If you’ve yet to sample Ozu’s special alchemy in the BFI retrospective, two hours of gently paced dialogue scenes in a succession of interiors hardly sounds enticing. However, given his Chekhovian understanding of what makes people tick, Ozu is able to depict characters who rarely seem like cogs in a plot, rather (cultural differences notwithstanding) recognisable individuals trying to make the best of things, embodied by a splendid cast who turn acting into being. Thanks to the richly saturated Agfacolor and Ozu’s genius for expressive colour co-ordination, the film offers as much pure aesthetic pleasure as, say, Wong Kar-Wai, but it’s ultimately on a human level that it’s most affecting. Marriage might take the edge off the loneliness of growing old, but it separates parents from children and unwittingly loosens friendships. Hara’s undemonstrative yet knowing half-smile in the final scene registers the inevitable paradox of loving and losing. Cinema that speaks to the soul.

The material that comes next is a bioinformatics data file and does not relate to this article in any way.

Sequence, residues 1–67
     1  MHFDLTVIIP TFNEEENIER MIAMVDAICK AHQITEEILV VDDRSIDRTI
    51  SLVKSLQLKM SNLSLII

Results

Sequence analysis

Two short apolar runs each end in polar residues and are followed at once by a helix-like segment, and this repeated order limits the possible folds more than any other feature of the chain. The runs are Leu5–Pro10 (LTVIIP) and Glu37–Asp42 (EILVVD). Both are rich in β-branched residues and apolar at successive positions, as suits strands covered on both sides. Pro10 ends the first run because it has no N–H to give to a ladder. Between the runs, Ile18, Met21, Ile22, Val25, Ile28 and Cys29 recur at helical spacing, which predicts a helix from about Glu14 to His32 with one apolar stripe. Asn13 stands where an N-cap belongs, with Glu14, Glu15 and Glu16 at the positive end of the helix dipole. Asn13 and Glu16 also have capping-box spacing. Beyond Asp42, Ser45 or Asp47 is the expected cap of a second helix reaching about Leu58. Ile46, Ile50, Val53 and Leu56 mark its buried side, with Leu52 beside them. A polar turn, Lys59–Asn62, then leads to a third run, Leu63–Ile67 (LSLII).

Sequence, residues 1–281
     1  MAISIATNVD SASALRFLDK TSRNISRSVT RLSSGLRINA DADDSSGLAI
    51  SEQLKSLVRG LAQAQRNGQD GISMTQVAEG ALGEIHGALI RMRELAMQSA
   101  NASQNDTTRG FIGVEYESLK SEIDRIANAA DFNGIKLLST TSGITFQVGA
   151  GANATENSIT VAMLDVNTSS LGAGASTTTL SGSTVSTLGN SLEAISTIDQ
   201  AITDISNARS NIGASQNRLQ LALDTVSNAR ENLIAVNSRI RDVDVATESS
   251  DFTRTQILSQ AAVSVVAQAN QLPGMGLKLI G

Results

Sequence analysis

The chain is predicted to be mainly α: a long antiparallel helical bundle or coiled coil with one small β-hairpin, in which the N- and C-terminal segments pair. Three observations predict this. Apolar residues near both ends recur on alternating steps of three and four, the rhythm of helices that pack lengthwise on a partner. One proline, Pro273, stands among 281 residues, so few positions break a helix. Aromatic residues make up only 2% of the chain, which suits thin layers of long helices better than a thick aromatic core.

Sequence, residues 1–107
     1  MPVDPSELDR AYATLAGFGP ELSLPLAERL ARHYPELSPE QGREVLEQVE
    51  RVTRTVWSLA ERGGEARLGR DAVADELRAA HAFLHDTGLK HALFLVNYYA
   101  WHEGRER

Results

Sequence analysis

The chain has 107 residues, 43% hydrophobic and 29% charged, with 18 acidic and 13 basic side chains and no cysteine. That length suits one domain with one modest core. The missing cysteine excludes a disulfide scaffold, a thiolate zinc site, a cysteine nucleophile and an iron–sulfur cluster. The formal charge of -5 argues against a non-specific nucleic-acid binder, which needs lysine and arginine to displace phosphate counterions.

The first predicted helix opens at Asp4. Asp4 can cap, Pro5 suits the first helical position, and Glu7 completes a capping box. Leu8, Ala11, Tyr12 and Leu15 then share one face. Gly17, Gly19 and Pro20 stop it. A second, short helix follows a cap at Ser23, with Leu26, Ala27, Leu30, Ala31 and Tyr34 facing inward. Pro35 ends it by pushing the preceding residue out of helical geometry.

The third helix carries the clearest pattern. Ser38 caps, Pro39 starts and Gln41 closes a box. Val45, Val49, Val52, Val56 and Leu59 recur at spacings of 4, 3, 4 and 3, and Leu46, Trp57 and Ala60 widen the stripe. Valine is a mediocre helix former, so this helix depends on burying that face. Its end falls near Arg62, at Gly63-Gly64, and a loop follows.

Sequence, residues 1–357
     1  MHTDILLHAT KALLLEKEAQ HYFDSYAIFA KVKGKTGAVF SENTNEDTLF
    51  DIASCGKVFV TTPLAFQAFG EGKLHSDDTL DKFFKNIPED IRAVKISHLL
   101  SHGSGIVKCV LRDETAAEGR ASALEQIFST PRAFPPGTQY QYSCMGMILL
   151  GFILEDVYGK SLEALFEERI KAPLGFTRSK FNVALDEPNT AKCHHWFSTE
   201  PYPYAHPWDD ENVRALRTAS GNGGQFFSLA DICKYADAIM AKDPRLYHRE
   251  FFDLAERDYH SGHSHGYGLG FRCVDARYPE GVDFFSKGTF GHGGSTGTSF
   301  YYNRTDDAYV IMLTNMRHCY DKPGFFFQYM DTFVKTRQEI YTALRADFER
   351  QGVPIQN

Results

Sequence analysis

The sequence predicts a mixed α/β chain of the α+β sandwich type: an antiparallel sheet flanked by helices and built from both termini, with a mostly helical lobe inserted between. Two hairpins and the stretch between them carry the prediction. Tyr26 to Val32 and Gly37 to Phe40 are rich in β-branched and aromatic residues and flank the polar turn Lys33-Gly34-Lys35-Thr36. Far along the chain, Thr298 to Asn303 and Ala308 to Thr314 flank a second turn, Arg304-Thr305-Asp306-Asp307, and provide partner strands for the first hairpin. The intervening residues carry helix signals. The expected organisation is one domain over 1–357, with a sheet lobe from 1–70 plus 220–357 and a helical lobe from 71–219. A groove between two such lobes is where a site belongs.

Cast and crew